Strengths-Based IEPs: What You Need to Know

By Julie Rawe
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At a Glance

  • A strengths-based IEP uses student abilities to help work on weaknesses.

  • IEP goals are built around what the student can do and how the team can use those abilities.

  • Helping students identify and leverage their strengths, interests and preferences can lead to more self-awareness and self-advocacy.

Imagine an Individualized Education Program (IEP) that focuses as much on your child’s strengths as it does on your child’s weaknesses. Unfortunately, that’s not the norm for most students yet.

In a typical IEP meeting, not much time is given to looking at a child’s strengths. Strengths are covered at the beginning of the meeting, and the rest of the time is focused on deficits.

But more and more schools are shifting the focus from deficits to a strengths-based approach. This kind of IEP gives much more weight to a student’s strengths, interests and preferences. The team not only identifies strengths, but leverages them to help address weaknesses.

Here’s what you need to know to help develop a strengths-based IEP for your child.

What Strengths-Based IEPs Are

A strengths-based IEP looks at abilities as well as weaknesses. It looks at what students can do, what the team wants them to do next, and how strengths might be used to set goals to help address a particular need.

A strengths-based IEP often boils down to a shift in mindset. Schools have been focused for many years on areas of need because that’s what qualifies kids for IEPs. But by shifting the focus and putting a big emphasis on strengths, this new kind of IEP helps adults—and kids—see that there’s more to these students than their weaknesses.

To do this, IEP teams often need to gather more information. This likely means asking students to help identify their strengths, interests and preferences. Students can also help the team think about how to use these strengths to develop strategies for success. And this process promotes self-awareness and self-advocacy that can help kids in school and beyond.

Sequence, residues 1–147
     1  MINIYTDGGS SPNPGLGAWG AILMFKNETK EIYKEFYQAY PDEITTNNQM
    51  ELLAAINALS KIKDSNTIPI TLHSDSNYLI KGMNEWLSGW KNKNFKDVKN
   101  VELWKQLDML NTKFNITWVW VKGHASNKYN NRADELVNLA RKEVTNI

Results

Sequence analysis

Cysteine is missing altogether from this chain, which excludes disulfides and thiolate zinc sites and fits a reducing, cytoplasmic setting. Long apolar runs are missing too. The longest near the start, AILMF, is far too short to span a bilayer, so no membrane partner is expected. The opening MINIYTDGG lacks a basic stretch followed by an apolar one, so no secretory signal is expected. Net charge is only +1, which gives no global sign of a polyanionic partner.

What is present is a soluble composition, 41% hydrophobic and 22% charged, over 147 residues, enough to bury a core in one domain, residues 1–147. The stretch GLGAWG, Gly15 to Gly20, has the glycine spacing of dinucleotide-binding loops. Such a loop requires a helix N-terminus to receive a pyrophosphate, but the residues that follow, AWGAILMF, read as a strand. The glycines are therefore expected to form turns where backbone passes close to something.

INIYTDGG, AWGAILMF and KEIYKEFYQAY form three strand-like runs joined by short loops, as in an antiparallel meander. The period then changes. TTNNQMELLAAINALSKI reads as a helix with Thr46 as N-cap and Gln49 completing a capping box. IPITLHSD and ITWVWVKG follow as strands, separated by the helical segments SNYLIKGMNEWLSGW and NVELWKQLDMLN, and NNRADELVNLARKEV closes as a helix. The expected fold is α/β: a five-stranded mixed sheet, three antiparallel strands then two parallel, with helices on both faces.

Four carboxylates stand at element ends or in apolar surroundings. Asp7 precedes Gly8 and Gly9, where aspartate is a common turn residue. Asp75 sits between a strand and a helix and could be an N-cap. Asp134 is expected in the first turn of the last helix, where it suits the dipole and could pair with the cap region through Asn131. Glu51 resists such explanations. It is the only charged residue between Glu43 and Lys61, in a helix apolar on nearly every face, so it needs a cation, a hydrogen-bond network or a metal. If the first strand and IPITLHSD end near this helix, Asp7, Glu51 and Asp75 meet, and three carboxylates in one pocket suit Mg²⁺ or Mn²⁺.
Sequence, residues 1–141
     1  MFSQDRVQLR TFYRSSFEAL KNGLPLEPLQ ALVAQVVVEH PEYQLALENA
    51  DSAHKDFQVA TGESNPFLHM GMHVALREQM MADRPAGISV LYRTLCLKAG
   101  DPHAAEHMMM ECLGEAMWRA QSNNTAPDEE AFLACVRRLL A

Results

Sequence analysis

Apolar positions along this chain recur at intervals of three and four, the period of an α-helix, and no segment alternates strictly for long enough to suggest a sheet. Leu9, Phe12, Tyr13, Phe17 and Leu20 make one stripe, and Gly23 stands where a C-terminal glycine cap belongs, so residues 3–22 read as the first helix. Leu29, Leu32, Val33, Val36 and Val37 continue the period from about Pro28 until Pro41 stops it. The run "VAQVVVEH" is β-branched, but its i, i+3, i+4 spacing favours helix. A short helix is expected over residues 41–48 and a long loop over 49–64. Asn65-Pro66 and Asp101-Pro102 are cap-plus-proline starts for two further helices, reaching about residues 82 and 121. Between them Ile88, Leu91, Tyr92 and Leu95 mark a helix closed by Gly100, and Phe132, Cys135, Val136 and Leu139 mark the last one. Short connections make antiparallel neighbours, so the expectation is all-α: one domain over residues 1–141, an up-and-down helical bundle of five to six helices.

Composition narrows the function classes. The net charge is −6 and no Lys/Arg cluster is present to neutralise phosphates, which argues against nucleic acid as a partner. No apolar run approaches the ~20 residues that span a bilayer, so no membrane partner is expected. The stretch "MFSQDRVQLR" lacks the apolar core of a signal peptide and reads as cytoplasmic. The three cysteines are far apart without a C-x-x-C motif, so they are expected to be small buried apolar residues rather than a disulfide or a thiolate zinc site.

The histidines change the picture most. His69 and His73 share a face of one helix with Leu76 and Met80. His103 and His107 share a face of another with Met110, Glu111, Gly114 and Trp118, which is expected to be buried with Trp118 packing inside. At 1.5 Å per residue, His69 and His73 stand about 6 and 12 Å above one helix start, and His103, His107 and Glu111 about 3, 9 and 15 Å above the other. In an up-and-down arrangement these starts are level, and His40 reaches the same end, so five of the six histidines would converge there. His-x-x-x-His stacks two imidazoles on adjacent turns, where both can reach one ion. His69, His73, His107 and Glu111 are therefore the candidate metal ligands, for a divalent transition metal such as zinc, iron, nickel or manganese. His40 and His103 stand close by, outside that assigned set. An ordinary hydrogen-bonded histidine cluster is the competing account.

How Strengths-Based IEPs Work

There’s no one way to develop a strengths-based IEP. But here are some common elements and approaches.

Use a strengths finder before the IEP meeting. These kinds of student self-assessments can help IEP teams develop a strengths-based IEP. A strengths test not only tells the IEP team about kids’ abilities. It also tells the kids about their own abilities. And these insights can be a guiding force throughout the IEP meeting.

Find out if your child’s school already has access to a strengths finder. If not, you and your child’s case manager can look for a free strengths assessment online. (You can also try a fun hands-on activity to help identify your child’s strengths.)

Give students a leadership role in IEP meetings. Having students actively participate in parts of the IEP meeting can help in many ways. For example, students can lead the part of the meeting where they share what they discovered about themselves when taking the strengths test.

Student involvement in IEP meetings can deepen the discussion about strengths. It can also give kids a sense of ownership when they get to help make decisions about their IEP.

Student-led IEPs also underscore the importance of self-awareness. This can help kids think about new ways to develop their strengths and work on their weaknesses.

Many parents encourage kids to attend at least the first part of the IEP meeting. This is when the team discusses a student’s strengths, interests and preferences. Older students are more likely to participate in or lead more parts of the IEP meeting.

Reframe the way the IEP team talks about strengths. Too often, IEP teams discuss a student’s strengths by saying things like “What I like about Elana is…” And these kinds of comments can be hard to connect to the rest of the IEP in actionable ways.

But IEP teams can reframe the strengths discussion so it focuses on abilities: “What does Elana do well?”

The paragraphs in the IEP’s present level of performance are likely to be the first things new teachers read about your child. Emphasizing strengths throughout this section as well as weaknesses not only sets a positive tone. It helps teachers get a better sense of how to help your child move forward.